Even with perfect waste collection and management, some litter still reaches our waterways, where it can harm local wildlife and ecosystems. Through our visual audits we’ve seen the accumulation of over 1500 pieces of litter in some slips along the waterfront. To remove this litter and prevent it from further harming our aquatic ecosystems, we utilize trash capture devices.
Since 2019, our partner PortsToronto has led the deployment of trash capture devices, Seabins specifically, in the Toronto Harbour. These ‘floating trash cans’ clean up litter from the waters’ surface by pumping water through a mesh bag that creates a vacuum and draws in debris floating by. Our role is to collect data on the quantity and characterization of the litter collected by the bins. In addition to helping us measure our positive impact, this data can inform policy by helping us understand local sources.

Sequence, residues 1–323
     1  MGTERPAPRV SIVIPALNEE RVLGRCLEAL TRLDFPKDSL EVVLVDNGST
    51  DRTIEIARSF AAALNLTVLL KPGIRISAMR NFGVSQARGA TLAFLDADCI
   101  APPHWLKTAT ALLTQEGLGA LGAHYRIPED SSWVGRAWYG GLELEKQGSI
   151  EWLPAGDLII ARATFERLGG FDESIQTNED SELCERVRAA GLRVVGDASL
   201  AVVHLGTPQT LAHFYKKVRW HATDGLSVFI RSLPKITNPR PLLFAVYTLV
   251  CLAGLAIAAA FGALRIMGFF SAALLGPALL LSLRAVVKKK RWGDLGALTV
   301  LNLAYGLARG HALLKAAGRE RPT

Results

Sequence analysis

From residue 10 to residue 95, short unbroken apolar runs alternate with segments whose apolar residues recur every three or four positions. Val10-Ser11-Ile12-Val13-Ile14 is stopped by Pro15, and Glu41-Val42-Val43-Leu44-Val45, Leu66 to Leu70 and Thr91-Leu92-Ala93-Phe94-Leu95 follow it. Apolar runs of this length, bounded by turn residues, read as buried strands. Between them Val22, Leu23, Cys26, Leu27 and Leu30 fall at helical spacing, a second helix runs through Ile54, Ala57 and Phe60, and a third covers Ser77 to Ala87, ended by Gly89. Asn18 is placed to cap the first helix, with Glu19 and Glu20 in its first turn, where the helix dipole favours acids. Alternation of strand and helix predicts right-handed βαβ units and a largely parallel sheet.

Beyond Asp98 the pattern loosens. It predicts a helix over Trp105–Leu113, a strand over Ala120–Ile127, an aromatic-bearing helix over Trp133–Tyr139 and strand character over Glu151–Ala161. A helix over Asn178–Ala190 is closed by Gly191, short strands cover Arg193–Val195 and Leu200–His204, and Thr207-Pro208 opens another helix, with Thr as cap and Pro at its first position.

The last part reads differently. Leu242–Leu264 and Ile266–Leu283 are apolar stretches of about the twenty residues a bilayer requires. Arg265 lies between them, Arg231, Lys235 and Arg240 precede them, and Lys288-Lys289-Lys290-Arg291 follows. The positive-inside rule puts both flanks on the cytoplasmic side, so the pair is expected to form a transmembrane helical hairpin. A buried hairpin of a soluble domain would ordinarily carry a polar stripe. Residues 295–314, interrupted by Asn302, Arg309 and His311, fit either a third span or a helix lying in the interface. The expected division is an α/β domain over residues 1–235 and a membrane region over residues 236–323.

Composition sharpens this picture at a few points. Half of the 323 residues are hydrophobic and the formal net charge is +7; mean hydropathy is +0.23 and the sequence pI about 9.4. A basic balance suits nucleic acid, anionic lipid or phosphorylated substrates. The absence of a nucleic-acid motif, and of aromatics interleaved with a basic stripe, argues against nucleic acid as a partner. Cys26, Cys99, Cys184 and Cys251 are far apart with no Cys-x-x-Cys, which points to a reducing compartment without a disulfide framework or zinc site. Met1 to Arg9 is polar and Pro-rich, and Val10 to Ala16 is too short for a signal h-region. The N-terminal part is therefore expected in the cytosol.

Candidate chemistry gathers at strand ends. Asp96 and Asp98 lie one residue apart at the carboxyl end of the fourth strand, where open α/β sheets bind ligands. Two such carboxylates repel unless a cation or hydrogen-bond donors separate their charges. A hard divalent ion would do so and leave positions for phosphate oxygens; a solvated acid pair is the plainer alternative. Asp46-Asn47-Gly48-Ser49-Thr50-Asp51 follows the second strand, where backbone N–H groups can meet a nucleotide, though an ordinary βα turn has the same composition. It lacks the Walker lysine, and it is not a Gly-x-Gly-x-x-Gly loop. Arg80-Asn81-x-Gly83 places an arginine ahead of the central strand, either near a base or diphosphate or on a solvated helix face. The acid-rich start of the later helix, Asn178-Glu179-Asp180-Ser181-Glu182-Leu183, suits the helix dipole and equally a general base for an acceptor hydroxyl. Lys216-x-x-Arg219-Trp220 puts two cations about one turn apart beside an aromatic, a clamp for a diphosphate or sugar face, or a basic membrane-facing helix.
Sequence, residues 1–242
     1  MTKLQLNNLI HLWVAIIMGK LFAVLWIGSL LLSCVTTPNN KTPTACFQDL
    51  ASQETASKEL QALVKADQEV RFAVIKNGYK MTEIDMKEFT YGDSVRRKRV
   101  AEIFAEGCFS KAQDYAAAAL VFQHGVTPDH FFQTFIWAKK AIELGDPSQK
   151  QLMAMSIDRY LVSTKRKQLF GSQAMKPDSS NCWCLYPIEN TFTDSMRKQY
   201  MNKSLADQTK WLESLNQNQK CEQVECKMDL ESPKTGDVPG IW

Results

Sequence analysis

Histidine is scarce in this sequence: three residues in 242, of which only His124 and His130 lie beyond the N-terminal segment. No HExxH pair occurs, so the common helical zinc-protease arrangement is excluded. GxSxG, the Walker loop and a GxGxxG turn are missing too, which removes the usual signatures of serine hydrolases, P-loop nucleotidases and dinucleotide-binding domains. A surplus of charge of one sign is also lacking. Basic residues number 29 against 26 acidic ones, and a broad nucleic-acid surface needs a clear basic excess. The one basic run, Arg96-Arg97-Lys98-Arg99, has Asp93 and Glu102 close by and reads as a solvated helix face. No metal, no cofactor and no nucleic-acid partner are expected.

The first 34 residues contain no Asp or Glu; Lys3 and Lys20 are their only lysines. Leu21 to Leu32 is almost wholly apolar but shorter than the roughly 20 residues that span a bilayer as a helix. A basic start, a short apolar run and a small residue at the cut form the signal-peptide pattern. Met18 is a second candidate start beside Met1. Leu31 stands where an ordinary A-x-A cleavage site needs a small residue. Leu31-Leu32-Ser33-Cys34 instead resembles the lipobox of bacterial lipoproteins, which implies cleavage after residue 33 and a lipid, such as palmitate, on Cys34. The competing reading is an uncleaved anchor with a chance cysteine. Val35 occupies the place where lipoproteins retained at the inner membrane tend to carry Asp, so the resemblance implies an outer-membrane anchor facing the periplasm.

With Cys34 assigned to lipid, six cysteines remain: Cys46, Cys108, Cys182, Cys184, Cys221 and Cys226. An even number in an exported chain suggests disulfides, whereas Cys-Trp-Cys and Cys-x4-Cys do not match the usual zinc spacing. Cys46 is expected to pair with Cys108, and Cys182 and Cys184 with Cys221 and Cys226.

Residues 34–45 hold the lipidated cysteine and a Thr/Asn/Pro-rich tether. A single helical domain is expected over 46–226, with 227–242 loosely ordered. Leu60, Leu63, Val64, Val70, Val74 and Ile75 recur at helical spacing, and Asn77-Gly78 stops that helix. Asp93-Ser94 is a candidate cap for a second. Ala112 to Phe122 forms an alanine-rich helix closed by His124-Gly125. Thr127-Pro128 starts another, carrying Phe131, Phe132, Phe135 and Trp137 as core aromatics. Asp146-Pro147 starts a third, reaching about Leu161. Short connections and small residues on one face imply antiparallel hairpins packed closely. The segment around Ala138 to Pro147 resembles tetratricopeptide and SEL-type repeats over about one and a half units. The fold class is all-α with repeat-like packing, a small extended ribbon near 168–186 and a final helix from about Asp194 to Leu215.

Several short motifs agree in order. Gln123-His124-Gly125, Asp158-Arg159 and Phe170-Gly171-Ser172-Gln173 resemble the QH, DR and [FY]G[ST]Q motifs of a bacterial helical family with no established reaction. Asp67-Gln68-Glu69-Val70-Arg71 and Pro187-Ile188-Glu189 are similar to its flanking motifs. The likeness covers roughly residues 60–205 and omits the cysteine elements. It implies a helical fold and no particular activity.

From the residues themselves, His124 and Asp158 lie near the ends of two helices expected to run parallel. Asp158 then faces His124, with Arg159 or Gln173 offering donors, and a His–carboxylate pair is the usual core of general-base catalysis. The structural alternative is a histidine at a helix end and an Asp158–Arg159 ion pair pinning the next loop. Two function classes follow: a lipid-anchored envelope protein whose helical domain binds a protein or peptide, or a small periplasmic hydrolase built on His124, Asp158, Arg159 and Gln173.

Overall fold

Our team has analyzed litter captured by Seabins each season. In 2020 our team tested and refined our methods to develop two standard protocols:
1) Simple Daily Quantification
2) Deep Dive Analysis
Our assessment analyzed the content from 3 bins and includes details of our new methodology.
Our Seabin audits continue to further understand the quantities and types of floating litter in our harbour, and how these results can help implement upstream solutions. This year, our family of bins will grow and expand across the harbour. We also plan on investigating the importance aquatic macrophytes have in collecting and accumulating floating litter in our harbour, and whether they play a significant role as a natural mechanism for capturing litter, specifically microplastics.
Keep an eye out for members of our team along the waterfront and come say hello (we are the ones with raccoons on our shirts)!
Do you have a trash trapping device to fight floatables?
Visit the International Trash Trap Network to learn how you can collect data and measure your impact.
This project is in collaboration with PortsToronto and TRCA, and supported by Environment and Climate Change Canada and the National Geographic Society.